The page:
We don’t know if newly elected West Virginia Delegate Derrick Evans, R-Wayne, will be criminally charged for his involvement in the riot that took place in Washington D.C. after President Trump again lied about winning the election and stirred his supporters to violence.
The FBI and other agencies are reviewing the shameful act of domestic terrorism that attempted to interrupt certifying the Electoral College vote. That vote eventually went ahead, solidifying Joe Biden as the next president of the United States. Sorting out who should be charged with what will take some time, and should be allowed to run its proper course.
What we do know is that Evans documented — throughout the day on social media — that he and other West Virginians were making the trip to D.C. to rally for the outgoing president’s lost cause. We know he livestreamed himself and others breaking into Congress in one of the most disturbing scenes on American soil in decades, perhaps only surpassed by the Sept. 11, 2001, terrorist attacks. We know someone shouted “Derrick Evans is in the Capitol!” on that livestream.
Evans later scrubbed his social media accounts, backpedaling as he made his way home to West Virginia and claiming to be an “independent journalist.” But his social media posts had already been preserved by multiple people, and those videos do not depict anything journalistic. Given that one rioter wrote “Murder the media” on a door in the Capitol building, it’s a hard take to support.
West Virginia House Speaker Roger Hanshaw, R-Clay, condemned Evans’ behavior while implying that more information is needed to determine appropriate action, if any. House Minority Leader Doug Skaff, D-Kanawha (who also is president of HD Media LLC, which owns the Gazette-Mail) also condemned Evans’ actions in a statement, saying the newly minted delegate should be suspended and barred from the state Capitol until an investigation is complete.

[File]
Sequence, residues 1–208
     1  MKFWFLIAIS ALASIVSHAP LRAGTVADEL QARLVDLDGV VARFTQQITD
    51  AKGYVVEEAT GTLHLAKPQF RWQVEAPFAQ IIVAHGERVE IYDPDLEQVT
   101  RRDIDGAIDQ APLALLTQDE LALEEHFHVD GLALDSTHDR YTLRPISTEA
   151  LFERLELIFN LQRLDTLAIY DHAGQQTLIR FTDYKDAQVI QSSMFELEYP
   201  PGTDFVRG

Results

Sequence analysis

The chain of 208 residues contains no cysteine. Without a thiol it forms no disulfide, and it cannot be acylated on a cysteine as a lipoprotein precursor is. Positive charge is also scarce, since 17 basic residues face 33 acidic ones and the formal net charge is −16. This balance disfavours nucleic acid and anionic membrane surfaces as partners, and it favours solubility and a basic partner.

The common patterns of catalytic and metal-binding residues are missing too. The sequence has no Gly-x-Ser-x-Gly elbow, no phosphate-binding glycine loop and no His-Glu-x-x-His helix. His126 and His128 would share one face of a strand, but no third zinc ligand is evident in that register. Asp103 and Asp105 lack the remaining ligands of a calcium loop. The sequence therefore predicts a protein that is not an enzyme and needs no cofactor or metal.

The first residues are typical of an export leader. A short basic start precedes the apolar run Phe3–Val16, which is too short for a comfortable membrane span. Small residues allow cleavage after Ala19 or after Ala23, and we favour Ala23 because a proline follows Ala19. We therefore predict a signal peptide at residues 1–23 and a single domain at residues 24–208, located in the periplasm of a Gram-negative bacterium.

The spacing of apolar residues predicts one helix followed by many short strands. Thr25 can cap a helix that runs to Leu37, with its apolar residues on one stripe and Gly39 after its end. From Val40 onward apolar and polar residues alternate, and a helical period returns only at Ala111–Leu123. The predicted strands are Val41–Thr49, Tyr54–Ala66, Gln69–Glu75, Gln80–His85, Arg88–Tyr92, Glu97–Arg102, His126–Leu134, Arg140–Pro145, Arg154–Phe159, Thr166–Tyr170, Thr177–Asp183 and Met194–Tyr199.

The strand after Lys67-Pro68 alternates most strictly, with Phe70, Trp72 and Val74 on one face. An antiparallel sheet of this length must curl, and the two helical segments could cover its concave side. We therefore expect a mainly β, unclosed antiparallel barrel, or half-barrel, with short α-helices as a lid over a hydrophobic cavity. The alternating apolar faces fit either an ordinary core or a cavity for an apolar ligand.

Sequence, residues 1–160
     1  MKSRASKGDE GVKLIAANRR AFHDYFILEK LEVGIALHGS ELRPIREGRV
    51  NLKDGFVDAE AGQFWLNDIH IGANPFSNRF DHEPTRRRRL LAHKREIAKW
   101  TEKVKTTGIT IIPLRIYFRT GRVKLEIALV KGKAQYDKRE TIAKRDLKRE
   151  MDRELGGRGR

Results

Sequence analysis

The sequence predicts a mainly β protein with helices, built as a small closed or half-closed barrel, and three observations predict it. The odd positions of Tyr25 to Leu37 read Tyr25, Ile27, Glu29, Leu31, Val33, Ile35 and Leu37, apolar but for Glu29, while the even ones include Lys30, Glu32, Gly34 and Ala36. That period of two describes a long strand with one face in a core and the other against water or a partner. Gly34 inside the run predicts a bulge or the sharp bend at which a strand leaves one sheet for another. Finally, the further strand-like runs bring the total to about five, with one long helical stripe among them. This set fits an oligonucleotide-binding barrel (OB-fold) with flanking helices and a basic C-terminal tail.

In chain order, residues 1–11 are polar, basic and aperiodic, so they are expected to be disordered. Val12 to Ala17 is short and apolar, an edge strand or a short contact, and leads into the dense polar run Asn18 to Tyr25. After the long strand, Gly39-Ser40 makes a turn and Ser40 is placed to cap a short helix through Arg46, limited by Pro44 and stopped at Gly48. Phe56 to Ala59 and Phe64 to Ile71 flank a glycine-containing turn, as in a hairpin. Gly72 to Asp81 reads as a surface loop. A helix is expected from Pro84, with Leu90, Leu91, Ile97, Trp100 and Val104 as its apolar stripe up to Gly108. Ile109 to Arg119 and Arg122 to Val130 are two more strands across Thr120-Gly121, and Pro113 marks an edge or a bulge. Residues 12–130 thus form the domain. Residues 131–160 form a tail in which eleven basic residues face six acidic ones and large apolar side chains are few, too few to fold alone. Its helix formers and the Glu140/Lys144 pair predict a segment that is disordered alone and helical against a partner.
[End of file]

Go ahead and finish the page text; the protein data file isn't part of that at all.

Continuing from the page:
By all means, conduct an investigation. But Evans clearly went with a mob through police and security at the nation’s Capitol with, at best, the intention of forcibly thwarting the count of electoral votes. Four people were killed in the disgraceful event.
Evans should resign, regardless of any criminal charges. If he won’t, Hanshaw should force the issue. We’ve seen members of the GOP in the House of Delegates offer up the worst representation of West Virginia on the national stage in recent years.
The state made global headlines when Mercer County Republican Eric Porterfield — no longer in office — spewed homophobic remarks and intimated that he would drown his children if they were gay.
Delegate John Mandt, R-Cabell, went on social media jags attacking Muslims and minorities. Nothing was ever really done. A plethora of statements decrying such behavior is all that really ever happens. Mandt resigned after several incidents, but he was reelected in the fall. Repercussions have been lean.
What Evans did is so far past any line set before that he has to go. Participating in a rush on the seat of our nation’s government cannot be normalized by a slap on the wrist. If he and the state GOP don’t recognize that, then what happened on Wednesday is just the beginning, and it could be a harbinger of violence coming to West Virginia’s Capitol one day.